On Monday morning the world awoke to the news of a US debt deal. After months of overblown rhetoric and weeks of brinkmanship, Democrats and Republican in the US Congress finally produced a common framework that raises the federal borrowing limit.
The agreement - assuming it clears the last hurdle and actually becomes law - will avert a potentially catastrophic debt default, but it is a far cry from the grand bargain that the US really requires to save the faltering recovery at home and boost the world economy.
It will take some time before the details of the deal are known. What is already clear however is that the debt ceiling will rise by about US$2.1 trillion, in two stages until 2013, so beyond the 2012 presidential campaign - key Democrat demands. In exchange for these concessions, Republicans have successfully pressed for spending cuts amounting to at least US$2.5 trillion over 10 years, of which about US$1 trillion are agreed. The remaining US$1.5 trillion will be the subject of a new bipartisan Congressional committee.
Failure by that committee to agree later this year would trigger automatic cuts in programmes defended by Democrats and Republicans respectively - social security and military expenditure. Under the framework negotiated by Congress, approximately half of those cuts would be in defence spending and the other half in domestic programmes such as farm subsidies or discretionary spending (including Medicare).
On the face of it, the debt deal sounds like a sensible compromise after months of vitriolic discord. But in reality, the agreement is little more than a short-term fix that fails to cure the long-standing US addiction to debt-fuelled consumption or to address the chronic lack of strategic investment.
It is true that the deal seeks to reduce long-term borrowing, but not by nearly enough. None of the "sacred cows" so beloved by Democrats or Republicans will be significantly touched. For example, the US could save more than $100 billion in the next ten years by changing the cost-of-living adjustments for people on social security benefits. Non-partisan experts have shown that the existing formula overstates real inflation. But this change is anathema to Democrats.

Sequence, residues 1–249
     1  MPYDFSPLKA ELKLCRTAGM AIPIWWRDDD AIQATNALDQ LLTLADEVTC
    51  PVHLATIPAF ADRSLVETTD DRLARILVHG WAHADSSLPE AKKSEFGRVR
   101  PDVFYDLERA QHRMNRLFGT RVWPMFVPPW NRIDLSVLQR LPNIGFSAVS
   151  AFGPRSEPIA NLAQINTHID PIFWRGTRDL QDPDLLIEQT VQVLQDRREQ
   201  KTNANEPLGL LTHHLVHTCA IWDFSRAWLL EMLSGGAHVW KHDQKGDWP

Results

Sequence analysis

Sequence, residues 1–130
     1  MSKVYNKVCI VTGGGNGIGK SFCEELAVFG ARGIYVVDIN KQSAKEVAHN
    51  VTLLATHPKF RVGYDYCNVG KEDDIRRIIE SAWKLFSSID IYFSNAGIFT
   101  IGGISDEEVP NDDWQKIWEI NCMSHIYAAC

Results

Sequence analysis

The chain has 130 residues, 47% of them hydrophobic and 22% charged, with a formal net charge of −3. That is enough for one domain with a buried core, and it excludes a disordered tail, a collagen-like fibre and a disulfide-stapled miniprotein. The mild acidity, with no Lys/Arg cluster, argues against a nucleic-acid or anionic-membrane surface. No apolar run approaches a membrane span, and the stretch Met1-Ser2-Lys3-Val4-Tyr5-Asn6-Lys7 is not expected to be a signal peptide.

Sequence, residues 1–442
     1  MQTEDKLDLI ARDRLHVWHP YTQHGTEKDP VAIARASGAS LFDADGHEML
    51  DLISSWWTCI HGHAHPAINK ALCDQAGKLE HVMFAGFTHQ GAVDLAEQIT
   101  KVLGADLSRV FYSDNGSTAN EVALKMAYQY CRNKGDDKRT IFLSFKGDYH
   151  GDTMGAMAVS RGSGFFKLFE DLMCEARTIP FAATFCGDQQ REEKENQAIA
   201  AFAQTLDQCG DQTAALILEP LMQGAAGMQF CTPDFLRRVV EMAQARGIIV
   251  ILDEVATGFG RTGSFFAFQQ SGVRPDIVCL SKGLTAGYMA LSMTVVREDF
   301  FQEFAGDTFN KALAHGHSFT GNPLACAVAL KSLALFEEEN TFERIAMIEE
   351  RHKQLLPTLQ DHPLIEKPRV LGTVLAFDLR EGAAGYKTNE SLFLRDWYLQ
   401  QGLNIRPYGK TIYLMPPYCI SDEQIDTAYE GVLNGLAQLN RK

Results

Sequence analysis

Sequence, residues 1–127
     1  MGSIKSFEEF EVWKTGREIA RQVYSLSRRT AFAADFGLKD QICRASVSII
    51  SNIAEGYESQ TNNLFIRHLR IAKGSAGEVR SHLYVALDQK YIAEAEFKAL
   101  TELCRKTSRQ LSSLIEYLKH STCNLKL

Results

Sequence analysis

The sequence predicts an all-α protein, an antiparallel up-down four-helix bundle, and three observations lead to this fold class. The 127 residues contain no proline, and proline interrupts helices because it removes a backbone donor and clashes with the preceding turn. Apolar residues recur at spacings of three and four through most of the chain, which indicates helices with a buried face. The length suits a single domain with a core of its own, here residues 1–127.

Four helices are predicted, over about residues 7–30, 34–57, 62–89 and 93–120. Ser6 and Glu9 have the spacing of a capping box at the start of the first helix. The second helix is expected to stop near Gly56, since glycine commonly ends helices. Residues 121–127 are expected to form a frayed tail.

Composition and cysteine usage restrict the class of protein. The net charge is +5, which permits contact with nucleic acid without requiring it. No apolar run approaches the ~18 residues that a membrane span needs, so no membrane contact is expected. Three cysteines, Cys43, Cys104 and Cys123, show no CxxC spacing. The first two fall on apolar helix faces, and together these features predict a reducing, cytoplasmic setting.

Likewise, cuts to military spending will come predominantly from shrinking existing efforts in Iraq and Afghanistan. Prohibitively expensive procurement deals and other wasteful programmes remain firmly in place, to the delight of Republican hawks. Partisan politics and sectional interests have once again prevailed at the expense of the public good.
Short-term spending cuts that threaten the fledgling recovery will be limited, as planned savings are backloaded. But any reductions to public expenditure this year are a huge gamble. Last week's revised figures for economic growth were disastrous, and job creation in the private sector has all but ground to a halt. Further temporary stimulus is desperately needed, not in the form of expensive federal programmes but rather in terms of strategic investment, for example via community banks and local investment trusts.
Moreover, key arguments about exactly where and how to cut spending remain unresolved. Wide-ranging tax reform, to close inefficient and unjust loopholes, is not on the agenda, nor is reversal of the tax cuts for the wealthiest introduced by the Bush administration.
Once initial relief at avoiding default subsides, the economic outlook for both the US and the world economy will revert to gloom. This debt deal is more of a last-minute stitch-up than a long-term solution.
Crucially, global economies will continue to be held hostage by US partisan politics. The 2012 presidential and congressional elections will be fought over spending cuts and job creation. Both the Democrats and the Republicans are internally divided and radicalised, with centrists in both parties increasingly isolated.
But in the eyes of the American public that is fed up with Washington, President Barack Obama already looks like the main culprit, standing aside and "leading from behind" when real leadership was required. If the US President after 2012 is Republican, the reckless intransigence of the Tea Party extremists will hold the US and the world economy to ransom.
The United States may save its stellar credit rating, but political leaders and economic experts across the globe agree that much damage has already been done to US credibility. That could lead to a further capital outflow from US money markets, which are an important source of short-term funding for many businesses and financial institutions around the world.
If the US system is no longer deemed reliable, then withdrawals could yet bring about another financial crisis. The trouble is that such a credit event could intervene before a proper rebalancing of global economic power from west to east has taken place.
Worse still, there are no signs that advanced economies or emerging markets are serious enough about financial or monetary reform. New banking regulations are insufficient to avoid another credit crunch. Neither the eurozone agreement 10 days ago nor yesterday's apparent US debt deal will stabilise currency fluctuations and thereby mitigate global volatility.
Moreover, the world's leading economies are unwilling to tackle monopolies or cartels in finance, commodities, retail and other key sectors. All this reinforces the mutual dependence and collusion of governments and corporate conglomerates, at the expense of a more diversified and balanced economy that can deliver sustainable growth and long-term employment.
With the US debt deal, the world economy has stepped back from the brink. But the signs are that it will continue to teeter on the edge of another major crisis.
Adrian Pabst is lecturer in politics at the University of Kent, UK, and visiting professor at the Institut d'Etudes Politiques de Lille, France.